Travels with Dad
—-This is a story of a complex relationship with my father, Al, who I came to love and understand after he was diagnosed with dementia.—-
“I’m going to be rich!”, is what Al was most likely thinking when he got involved, lock, stock, and barrel with mail fraud criminals. He read their promises of making him rich with such child-like belief. He’d call my mother at work and give her the good news…..”I’m going to be a millionaire!”
This involvement by Al was so out of character for him. First of all, getting rich was never a goal of his. Secondly, his MO in life was to operate logically. Getting rich through mail offerings which required him to send money first, would have been considered illogical and ridiculous to him. But somehow, his altered thinking allowed him to slip fully into the hands of the criminals.
When Mom figured out what was going on, she tried to reason with him. She would tell him that these people are swindling him out of money, and there was no way he’d ever see a penny in return. He didn’t believe her. To him, she became a kill-joy, the stealer of his dreams. She was exasperated. Since her interventions weren’t working, she recruited my brothers, Vincent and Paul, to talk some sense into him…to help put an end to their father being a victim and easy target of convoluted and sinister “programs”.
So, after much explaining about this serious situation to them, they sat Al down to convince him that his allegiance and compliance to the “send money requests” was futile. They used intense logic as the foundation for their discussion. It wasn’t working.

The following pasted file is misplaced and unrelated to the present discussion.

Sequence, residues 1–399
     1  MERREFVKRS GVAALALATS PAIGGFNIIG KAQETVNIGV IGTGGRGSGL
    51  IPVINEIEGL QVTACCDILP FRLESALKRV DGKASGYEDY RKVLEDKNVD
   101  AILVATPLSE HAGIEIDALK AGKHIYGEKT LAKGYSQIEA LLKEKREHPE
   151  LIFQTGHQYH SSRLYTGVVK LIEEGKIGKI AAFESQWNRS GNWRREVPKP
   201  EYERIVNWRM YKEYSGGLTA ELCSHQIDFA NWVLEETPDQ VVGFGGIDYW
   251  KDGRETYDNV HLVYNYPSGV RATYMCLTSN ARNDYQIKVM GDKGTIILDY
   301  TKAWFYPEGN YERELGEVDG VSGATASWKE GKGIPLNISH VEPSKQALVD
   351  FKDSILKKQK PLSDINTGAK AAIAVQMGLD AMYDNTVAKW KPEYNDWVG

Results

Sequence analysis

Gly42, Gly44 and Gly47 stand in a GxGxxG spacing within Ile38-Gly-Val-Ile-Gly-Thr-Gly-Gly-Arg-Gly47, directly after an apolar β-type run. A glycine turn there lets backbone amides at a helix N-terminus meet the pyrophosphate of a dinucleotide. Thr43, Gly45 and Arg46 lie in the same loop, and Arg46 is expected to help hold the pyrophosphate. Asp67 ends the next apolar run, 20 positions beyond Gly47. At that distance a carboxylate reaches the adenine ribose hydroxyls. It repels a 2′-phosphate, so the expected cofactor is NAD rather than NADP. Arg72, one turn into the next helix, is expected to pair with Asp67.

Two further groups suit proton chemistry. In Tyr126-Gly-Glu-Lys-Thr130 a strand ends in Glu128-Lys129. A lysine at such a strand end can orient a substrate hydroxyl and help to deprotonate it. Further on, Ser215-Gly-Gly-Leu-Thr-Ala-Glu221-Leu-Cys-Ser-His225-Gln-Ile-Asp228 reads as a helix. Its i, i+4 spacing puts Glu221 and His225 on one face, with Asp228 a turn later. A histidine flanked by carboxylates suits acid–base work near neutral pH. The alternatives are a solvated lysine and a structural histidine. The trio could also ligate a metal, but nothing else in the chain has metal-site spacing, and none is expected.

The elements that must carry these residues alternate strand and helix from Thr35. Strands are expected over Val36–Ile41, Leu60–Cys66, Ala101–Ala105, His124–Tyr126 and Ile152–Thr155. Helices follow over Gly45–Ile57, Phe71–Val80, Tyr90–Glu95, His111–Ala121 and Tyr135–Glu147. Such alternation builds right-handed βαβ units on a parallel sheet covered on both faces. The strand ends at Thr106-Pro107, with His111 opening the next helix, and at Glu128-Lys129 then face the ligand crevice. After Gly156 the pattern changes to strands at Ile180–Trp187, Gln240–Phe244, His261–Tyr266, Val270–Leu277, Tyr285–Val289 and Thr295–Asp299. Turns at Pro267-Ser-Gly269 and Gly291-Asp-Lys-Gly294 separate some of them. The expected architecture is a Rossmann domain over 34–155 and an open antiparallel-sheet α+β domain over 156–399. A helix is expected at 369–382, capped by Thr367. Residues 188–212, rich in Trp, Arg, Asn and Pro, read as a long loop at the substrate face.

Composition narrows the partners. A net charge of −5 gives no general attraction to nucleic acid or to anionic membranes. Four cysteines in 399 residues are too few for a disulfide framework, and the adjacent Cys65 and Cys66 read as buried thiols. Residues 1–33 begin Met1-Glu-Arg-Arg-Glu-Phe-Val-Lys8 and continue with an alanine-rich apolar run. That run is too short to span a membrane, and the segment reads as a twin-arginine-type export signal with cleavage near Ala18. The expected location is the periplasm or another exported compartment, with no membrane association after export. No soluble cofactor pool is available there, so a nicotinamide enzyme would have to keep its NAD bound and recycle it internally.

Then, Vincent finally asked him a question: “Have you ever received any money back from any of them?” Al thought for a moment, and answered: “No, I’ve never received even one thin dime.” This piece of reasoning finally did the trick.
Al continued to fill out the forms that he received from the thiefs, but instead of sending a check, he sent a little note on a pink piece of paper explaining why no more money was being sent.
This is an actual note written by Al:
He wrote this little message several times on large sheets of pink paper, cut them up into individual notes, and sent them back instead of checks. He also crossed off all of the areas on the forms that identified the dollar amount that he was supposed to send.
When it was all over, my mother mustered up the courage to figure out how much money was “stolen” from Dad. She arrived at a figure of about $1000.00. Al’s disease continued to progress, and this insanity would have stopped on its own. But, without the successful intervention from Vincent and Paul at that critical time, there’s no telling to what extent Al’s cooperation, compliance, and misjudgment would have been capitalized on and violated. I avoid entertaining the possibilities, and without having a criminal mind, I’m not sure I could ever anticipate their next moves anyway.